Its analysis of the nature of the threat seems to be a bit inconsistent. On the one hand, the report avoids scare-mongering, and seems to promote a civil-oriented approach to cybersecurity. It dismisses the notion of a “cyber Pearl Harbor” and contends that “the most pressing current threat is not likely to be a single, sudden attack that cripples the United States [but] a proliferation of attacks that steal strategically important or valuable data and destroy confidence in the safety and trustworthiness of the Internet.”

On the other hand, the report succumbs to misplaced military-style thinking and advocates a model of “deterrence,” claiming that offensive capabilities are required to deter attacks or to impose costs on the attackers. The idea that cyber attacks can be “deterred” through offensive cyber capabilities is a wrongheaded holdover from nuclear thinking. All too often these discussions conflate military attacks – i.e., attacks by other governments and/or terrorists with the intent to take over, cripple or destroy our entire society or system of government – with data theft or mundane cybercrime. Worries about the former are largely misplaced. A true cyber war is not a strategically viable possibility at the moment; one cannot take over or rule a society solely or even primarily via cyber means.  But even if it were possible, deterrence against such an attack need not rely on cyber weapons. If it is truly war we are trying to deter, the possibility of a response from traditional kinetic weapons will do just fine. Terrorist organizations, obviously, will not be deterred in either case.

If a state-based attack is not an attempt to destroy the US but a more limited attempt at espionage or probing, the value of offensive capabilities as a deterrent is highly questionable. If the other side thinks it can get away with stealing valuable information from their adversaries via cyber-means, it will do it. If the information is really valuable, punishing them after they have it is unlikely to deter the espionage (assuming we can even know that it has been taken in a timely fashion). Likewise, if our military thinks it can gain valuable information about adversaries from cyber exploits it will do so. Better defense – or even international agreements to limit such activities – is really the only way to go. Being able to catch and prosecute the perpetrators of cyber-espionage is more likely to prevent such efforts than “offensive capabilities;” just as catching and prosecuting the perps is the best way to deter attacks by garden variety cybercriminals. The CFR should abandon its recommendation that “the Obama administration should clearly state that the United States has the right to conduct offensive [cyber] operations.” That aspect of the report does not mesh with its call for a broader and more inclusive alliance around governance.

Out-of-place military-style thinking also shows up in the Task Force’s call for a “Cyber Reserve program.” They want DHS cyber alumni and other talented cybersecurity experts outside of government to be ready, known and available to DHS in times of need, just like the National Guard. The recommendation is not harmful so much as pointless. To begin with, a great deal of cybersecurity operations already is organized around informal networks of expert actors in the private and nonprofit sectors. Scholarly research on these communities shows that in order to be effective, they must be in constant contact and have well-established trust relations among each other, as well as carefully vetted entry restrictions. Trying to call such a network into being by government fiat won’t work. One cannot effectively replace the intrinsic motivation and organic development of trust and vetting of operational expertise with formal bureaucracy, procedures and money. At best, it would simply result in a useless list of names and a tax-consuming bureaucracy. At worst, it could undermine existing networks by tying them to nationalistic and military agendas when current networks are transnational.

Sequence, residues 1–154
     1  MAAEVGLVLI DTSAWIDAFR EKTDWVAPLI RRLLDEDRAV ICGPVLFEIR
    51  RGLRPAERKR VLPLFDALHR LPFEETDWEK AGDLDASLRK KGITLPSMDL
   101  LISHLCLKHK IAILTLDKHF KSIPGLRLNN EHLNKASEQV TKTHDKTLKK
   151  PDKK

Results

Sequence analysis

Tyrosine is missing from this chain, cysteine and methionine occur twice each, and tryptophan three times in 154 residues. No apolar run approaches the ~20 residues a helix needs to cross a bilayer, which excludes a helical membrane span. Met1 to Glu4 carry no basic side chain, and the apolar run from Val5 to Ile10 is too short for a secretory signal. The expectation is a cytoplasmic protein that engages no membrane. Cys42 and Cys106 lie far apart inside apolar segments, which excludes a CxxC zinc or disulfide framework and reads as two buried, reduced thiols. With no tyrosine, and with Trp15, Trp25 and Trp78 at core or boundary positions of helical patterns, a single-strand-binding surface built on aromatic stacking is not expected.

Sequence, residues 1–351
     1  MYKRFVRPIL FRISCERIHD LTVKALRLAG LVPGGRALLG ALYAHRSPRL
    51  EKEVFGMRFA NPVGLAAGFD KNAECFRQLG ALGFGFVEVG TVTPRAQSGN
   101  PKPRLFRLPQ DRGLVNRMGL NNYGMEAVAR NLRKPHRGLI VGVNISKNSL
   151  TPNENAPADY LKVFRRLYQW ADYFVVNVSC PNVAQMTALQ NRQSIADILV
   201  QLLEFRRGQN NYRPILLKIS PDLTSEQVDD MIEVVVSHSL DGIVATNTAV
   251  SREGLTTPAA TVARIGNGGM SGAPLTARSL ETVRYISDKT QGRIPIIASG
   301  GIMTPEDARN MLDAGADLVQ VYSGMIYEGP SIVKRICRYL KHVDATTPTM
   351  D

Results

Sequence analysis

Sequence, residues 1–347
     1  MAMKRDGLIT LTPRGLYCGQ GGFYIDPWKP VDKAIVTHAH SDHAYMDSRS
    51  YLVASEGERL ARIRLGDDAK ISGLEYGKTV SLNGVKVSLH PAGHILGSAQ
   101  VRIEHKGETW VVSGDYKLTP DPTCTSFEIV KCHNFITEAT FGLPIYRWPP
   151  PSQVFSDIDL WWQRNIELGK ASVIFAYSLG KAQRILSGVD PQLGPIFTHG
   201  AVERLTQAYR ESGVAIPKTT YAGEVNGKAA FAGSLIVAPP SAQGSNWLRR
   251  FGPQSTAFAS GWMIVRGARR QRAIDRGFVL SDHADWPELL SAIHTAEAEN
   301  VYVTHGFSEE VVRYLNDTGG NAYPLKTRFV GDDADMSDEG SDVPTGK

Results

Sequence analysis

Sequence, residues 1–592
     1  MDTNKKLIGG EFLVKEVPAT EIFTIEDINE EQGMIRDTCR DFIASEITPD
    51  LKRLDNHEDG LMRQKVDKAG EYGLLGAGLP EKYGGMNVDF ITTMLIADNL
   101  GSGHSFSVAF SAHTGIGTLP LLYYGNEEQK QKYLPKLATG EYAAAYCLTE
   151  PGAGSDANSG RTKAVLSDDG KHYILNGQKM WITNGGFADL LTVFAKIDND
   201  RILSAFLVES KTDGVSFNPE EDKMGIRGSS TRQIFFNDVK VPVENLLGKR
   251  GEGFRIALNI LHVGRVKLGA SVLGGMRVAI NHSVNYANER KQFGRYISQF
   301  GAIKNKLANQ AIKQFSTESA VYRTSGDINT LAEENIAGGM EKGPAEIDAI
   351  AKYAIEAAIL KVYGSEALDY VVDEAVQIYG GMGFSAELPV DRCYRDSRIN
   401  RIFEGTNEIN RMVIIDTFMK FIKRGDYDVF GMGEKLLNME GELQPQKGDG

The report’s call for an international cyber crime center is something that already seems to be happening. Another recommendation is that the U.S. Congress pass legislation that sounds very similar to CISPA, with some tweaks (p. 46). It wants the new law to authorize the development of mechanisms for real-time sharing of information (including classified intelligence) between government and the private sector and among private-sector actors, allegedly with some privacy protections and oversight. It includes “limited liability provisions for companies voluntarily involved in the information-sharing program.”

We need to be very careful when we talk about “information sharing” – not only because of the threat of untrammeled surveillance raised by the recent NSA revelations, but also because effective sharing of information is a lot more difficult to achieve in practice than it is to authorize generically. Too many people in Washington seem to think that the phrase “information sharing” is a magic wand that can be waved over security problems to produce instant solutions. But it is no simple matter to get the right information to the right person at the right time while at the same time not giving government agencies indiscriminate access to any and all private data; it requires clearly defined procedures, oversight and well-implemented organizational mechanisms.

In essence, this report proposes to keep doing what we are already doing in ICANN and IGF, only “better;” to tweak CISPA; to rearrange org charts in the State and Homeland Security Departments; to make Interpol bigger. It seems to support a Cold War-era concept of deterrence and offensive capability while at the same time trying to sweet-talk developing world governments into accepting “the multistakeholder process” – but its attempts to appease states might just compromise both multistakeholderism and Internet freedom. It is, in short, a compendium of the Washington mainstream consensus, a policy approach that has already lost more momentum than Apple Computer’s stock price – and suffers from the same disappointment of an anticipated innovation that never seems to come.